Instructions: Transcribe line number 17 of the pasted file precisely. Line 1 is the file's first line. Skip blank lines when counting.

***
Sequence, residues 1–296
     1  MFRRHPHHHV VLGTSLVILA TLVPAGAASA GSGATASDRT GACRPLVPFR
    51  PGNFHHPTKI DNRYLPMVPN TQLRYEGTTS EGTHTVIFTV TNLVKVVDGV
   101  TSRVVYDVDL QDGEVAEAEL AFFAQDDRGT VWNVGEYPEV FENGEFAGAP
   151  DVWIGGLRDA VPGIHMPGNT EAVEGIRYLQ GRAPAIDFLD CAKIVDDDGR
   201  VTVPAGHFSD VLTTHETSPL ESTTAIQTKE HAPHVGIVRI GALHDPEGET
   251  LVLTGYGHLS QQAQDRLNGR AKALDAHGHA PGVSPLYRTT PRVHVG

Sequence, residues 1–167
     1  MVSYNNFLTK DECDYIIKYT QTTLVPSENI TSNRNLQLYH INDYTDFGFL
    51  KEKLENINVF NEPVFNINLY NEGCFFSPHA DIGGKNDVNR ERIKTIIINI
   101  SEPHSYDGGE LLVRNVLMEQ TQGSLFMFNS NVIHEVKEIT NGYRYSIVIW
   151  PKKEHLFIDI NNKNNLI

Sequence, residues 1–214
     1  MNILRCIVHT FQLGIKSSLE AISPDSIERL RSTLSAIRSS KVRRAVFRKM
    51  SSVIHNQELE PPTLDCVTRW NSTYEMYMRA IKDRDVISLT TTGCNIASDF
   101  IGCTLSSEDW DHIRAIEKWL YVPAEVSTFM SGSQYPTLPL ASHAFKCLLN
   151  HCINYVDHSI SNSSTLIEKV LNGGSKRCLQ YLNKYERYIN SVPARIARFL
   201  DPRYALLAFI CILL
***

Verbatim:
   151  HCINYVDHSI SNSSTLIEKV LNGGSKRCLQ YLNKYERYIN SVPARIARFL